Underinsured Motorist Insurer’s Subrogation Interest in a Lambert Advance
Ex parte State Farm: A UIM insurer does not have a subro interest in Lambert advance.
In January 2016, the Supreme Court of Alabama decided the matter of Ex parte State Farm Mutual Automobile Insurance Company (underlying case: In re State Farm Mutual Automobile Insurance Company v. James Ross Pritchard, Jr.), — So.3d —, 2016 WL 360665 (Ala. 2016), wherein it decided whether a UIM insurer’s right to recover its Lambert advance is a form of a right of subrogation. The Court holding was a three-part decision: (1) the right of subrogation that a UIM insurer protects by making a Lambert advance is its subrogation right for sums paid by the insurer in excess of the tortfeasor’s liability limits; (2) the making of a Lambert advance does not create a subrogation right for the UIM insurer within a tortfeasor’s liability limits, therefore a UIM insurer’s right to recover its Lambert advance is not a subrogation right; and (3) because the UIM insurer has no subrogation interest in recovering the Lambert advance, the insured’s recovery of the Lambert advance from the insurer is an incidental benefit to the insured and does not create a common fund from which the insured’s attorney may be awarded fees to be paid by the insurer.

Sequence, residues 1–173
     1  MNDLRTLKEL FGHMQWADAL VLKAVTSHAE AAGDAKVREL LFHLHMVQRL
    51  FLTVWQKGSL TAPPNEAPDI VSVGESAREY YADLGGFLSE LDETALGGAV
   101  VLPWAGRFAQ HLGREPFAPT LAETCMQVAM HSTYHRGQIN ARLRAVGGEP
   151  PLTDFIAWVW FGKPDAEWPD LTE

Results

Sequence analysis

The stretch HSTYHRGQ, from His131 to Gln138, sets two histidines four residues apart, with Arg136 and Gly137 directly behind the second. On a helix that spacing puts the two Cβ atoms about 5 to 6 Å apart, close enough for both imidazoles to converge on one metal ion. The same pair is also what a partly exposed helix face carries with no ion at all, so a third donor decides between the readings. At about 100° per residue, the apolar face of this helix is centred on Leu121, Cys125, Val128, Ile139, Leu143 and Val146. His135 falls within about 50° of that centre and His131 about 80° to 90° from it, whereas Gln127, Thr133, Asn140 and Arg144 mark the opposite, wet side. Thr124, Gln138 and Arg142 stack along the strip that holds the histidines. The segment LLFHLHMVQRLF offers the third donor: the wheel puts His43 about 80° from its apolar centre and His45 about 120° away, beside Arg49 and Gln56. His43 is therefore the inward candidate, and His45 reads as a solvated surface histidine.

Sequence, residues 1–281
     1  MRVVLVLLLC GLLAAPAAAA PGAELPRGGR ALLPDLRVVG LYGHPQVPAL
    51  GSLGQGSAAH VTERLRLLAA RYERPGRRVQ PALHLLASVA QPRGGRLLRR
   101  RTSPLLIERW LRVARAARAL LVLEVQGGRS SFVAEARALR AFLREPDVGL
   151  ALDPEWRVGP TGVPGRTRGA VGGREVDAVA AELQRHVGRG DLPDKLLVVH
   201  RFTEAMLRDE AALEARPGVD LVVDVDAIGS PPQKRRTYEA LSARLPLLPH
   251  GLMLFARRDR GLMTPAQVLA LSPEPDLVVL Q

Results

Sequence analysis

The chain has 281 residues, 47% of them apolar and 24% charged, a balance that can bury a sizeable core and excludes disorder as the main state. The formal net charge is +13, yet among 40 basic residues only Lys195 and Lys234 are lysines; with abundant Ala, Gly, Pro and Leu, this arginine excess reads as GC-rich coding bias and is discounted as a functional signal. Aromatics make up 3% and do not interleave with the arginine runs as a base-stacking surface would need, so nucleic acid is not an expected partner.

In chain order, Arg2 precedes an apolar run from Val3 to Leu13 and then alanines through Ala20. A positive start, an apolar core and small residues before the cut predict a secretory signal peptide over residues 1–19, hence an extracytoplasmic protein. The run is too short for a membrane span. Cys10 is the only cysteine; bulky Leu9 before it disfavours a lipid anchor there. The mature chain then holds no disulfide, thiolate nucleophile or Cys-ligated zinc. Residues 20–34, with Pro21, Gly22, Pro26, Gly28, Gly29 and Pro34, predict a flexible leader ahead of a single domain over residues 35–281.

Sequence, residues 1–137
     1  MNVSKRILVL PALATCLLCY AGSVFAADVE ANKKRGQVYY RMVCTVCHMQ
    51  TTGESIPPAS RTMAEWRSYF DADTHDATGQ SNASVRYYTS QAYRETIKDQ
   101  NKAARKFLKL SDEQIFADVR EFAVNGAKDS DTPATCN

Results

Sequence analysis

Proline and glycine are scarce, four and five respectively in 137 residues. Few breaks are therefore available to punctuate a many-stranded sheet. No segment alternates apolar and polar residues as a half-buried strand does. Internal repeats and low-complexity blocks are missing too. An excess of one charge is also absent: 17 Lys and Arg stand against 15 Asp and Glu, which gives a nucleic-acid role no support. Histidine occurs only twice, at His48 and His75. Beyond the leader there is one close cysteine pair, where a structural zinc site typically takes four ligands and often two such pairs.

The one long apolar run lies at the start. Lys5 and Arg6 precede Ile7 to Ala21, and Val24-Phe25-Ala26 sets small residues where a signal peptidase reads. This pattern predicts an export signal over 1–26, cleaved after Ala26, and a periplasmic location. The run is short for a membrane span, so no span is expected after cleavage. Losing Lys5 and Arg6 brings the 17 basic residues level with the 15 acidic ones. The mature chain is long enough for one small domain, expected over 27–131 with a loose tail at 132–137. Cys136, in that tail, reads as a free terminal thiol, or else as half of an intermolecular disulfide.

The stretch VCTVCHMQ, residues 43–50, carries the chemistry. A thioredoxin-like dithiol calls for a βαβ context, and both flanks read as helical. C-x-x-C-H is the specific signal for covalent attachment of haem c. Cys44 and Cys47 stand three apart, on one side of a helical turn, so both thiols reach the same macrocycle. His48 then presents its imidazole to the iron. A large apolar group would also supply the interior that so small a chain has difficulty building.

Important underlying points of law:
- Alabama’s common fund doctrine: The common fund doctrine in Alabama insurance subrogation matters is based on a principle of equity that, to the extent of its subrogation interest, an insurer is entitled to share in any recovery its insured achieves against a tortfeasor; the insurer then should bear a proportional share of the burden of achieving that recovery, including a pro rats share of the insured’s attorney’s fees. See Gov’t Empl. Ins. Co. v. Capulli, 859 So.2d 1115, 1119 (Ala.Civ.App. 2002).
- The Lambert Advance: In Lambert v. State Farm Mut. Auto. Ins. Co., 576 So.2d 160 (Ala. 1991), the Alabama Supreme Court created a mechanism whereby an insured could settle with a tortfeasor while preserving the UIM subrogation rights of the insurer. The UIM insurer who wishes to protect its subrogation right must advance to its insured, within the appropriate time, an amount equal to the tortfeasor’s settlement offer, therefore acting as a substitute for the liability insurance limits of the tortfeasor.
Whether a UIM insurer’s right to recover its Lambert advance is a subrogation right:
In the present case, State Farm asked the Alabama Supreme Court to determine whether a UIM insurer’s right to recover its Lambert advance is a form of a right of subrogation. The trial court and Civil Court of Appeals both found that it was a subrogation right. State Farm argued that a UIM insurer does not have a subrogation interest in the Lambert advance; that the recovery by the insurer from the tortfeasor of a Lambert advance does not create a common fund; and that as a result, the UIM insurer should not be required to pay attorney’s fees for the recovery of the Lambert advance under the common-fund doctrine. The Alabama Supreme Court agreed with State Farm.
In applying its ruling to the case at bar, the Supreme Court held that State Farm did not have a subrogation interest in the $50,000.00 Lambert advance it extended to Pritchard and Pritchard’s recovery from the tortfeasor of the Lambert advance did not create a common fund from which State Farm was required to pay a pro rata share of Pritchard’s attorney’s fees.